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Wheel acceleration in relation to vertical LOAD and current speed

  1. Jun 10, 2012 #1
    Hello everybody!

    I'm trying to write a car simulation but I'm having problems with precisely calculating the acceleration / velocity of the car's wheel. Currently the simulation works as if the Car was lifted in the air, so there is no load (vertical force) on the Wheel. What I have so far:
    - the applied torque (engine torque multiplied with appropriate values)
    - mass moment of inertia of the wheel

    Now I would like to take into account the weight Load on the Wheel. How do I do this?
    Currently the wheel spins up pretty fast even in 5th gear (well not at low RPM, but once the engine and axle are rotating together), but in reality I know it should be accelerating slower at high speeds - but it accelerates at the same speed as in 1st gear. I assume this is normal for no load on the wheel (though I might be wrong!!).

    Any help would be appreciated! :)

    Also this is my first post and this is not a homework assignment.
     
  2. jcsd
  3. Jun 10, 2012 #2

    haruspex

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    The only significance of the vertical load on the wheel is that it permits a frictional force to develop between road and wheel. This applies a torque to the wheel, leading to a forward force on the wheel axle. This is what propels the car. If the frictional force is sufficient, the torque from the road balances the torque from the engine sufficiently that the wheel rolls instead of skidding.
    Your observation re accn versus gear is correct. If the engine is working at constant power then the kinetic energy will increase at a constant rate, regardless of the gearing. A low gear just means the engine spins faster. In practice, engines work best within certain ranges of spin, hence the need for gears.
     
  4. Jun 11, 2012 #3
    Thank you, it was really helpful for understanding how things work!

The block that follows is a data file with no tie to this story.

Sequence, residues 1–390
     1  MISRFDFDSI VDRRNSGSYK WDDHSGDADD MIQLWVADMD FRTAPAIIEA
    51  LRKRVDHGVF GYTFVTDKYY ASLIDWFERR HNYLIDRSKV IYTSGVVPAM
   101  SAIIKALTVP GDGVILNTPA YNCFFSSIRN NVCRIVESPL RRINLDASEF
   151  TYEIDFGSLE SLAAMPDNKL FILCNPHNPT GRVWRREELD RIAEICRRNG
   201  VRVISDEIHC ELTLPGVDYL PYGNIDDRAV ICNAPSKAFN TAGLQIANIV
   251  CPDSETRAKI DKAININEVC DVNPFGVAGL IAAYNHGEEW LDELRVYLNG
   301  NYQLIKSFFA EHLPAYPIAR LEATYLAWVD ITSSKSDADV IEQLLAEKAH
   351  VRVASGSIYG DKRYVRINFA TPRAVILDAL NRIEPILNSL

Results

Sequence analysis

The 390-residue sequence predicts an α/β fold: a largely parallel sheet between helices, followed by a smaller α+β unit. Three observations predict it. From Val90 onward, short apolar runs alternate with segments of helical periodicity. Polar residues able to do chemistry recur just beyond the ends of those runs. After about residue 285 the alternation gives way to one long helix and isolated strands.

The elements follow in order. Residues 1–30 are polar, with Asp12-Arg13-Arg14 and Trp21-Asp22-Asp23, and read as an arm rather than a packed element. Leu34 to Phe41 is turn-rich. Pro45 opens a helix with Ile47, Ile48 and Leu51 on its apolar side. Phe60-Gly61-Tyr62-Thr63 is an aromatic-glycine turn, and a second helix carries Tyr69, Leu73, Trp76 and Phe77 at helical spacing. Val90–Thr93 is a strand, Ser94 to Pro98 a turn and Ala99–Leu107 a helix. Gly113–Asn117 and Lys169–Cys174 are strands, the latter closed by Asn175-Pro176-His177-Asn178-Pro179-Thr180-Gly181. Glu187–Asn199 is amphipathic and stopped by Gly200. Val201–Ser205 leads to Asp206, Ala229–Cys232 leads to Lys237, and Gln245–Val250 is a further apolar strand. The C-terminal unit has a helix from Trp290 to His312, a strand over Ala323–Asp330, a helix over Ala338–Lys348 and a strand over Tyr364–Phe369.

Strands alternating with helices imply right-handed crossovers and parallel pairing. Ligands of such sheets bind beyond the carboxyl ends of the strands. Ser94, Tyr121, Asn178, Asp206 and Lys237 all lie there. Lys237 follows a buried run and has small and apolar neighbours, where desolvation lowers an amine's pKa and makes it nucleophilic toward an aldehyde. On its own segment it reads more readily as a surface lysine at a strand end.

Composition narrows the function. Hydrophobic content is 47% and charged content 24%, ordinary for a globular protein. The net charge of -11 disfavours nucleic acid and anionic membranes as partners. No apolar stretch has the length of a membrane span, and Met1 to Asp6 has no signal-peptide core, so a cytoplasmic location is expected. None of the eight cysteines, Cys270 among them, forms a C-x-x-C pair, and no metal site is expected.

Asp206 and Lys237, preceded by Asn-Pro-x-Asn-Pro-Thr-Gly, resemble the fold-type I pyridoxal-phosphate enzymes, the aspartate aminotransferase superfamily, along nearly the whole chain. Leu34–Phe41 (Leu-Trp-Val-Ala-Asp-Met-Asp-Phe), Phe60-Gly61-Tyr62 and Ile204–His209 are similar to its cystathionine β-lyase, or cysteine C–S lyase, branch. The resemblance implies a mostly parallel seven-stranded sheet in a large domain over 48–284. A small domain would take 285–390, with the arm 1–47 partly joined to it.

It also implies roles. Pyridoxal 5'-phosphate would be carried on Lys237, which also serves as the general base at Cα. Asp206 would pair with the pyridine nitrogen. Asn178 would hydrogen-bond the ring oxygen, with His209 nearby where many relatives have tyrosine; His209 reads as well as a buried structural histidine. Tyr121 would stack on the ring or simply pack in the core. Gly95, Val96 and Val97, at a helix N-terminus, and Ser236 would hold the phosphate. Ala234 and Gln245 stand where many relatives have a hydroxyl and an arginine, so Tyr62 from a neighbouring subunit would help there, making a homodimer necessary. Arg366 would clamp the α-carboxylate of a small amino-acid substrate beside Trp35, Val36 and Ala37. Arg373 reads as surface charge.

However I would really like to know the exact formula to calculate the torque loss (?) due to wheel load, but can't find anywhere on the internet. So if we have:

    - torque applied to the wheel axle
    - moment of inertia of the wheel
    - mass or vertical force of load on wheel
    - road friction maybe

    how do I change the formula which I currently have:

    velocity = velocity + (torque / inertia)

    Does the load somehow reduce the torque? Change the moment of inertia? Reduce acceleration? If so, how? (just to be accurate with the weight + weight distribution of the car, I don't really want random numbers)

    Edit: velocity is in rad/s, torque is in N-m
     
    Last edited: Jun 11, 2012
  5. Jun 16, 2012 #4

    haruspex

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    You say I've helped, but from your latest questions I'm not sure. You're still fixated on vertical load, though I already pointed out this is mostly of interest in ensuring there's no skidding. It does not act to reduce torque or slow the vehicle. What matters is inertia.

    Let the mass of the vehicle (including wheels) be M, the moment of inertia of the wheels (all 4 combined) be I, torque (total for driving wheels) T, wheel radius R.
    The linear acceleration A of vehicle = TR/(MR2+I)
    For normal road cars, I is fairly insignificant, simplifying it to A = T/(MR). I guess I matters for dragsters.
    I'm assuming road friction is adequate to prevent skidding, and I've ignored rolling resistance. Rolling resistance deducts a constant amount from the acceleration, so long as the velocity is nonzero.
     
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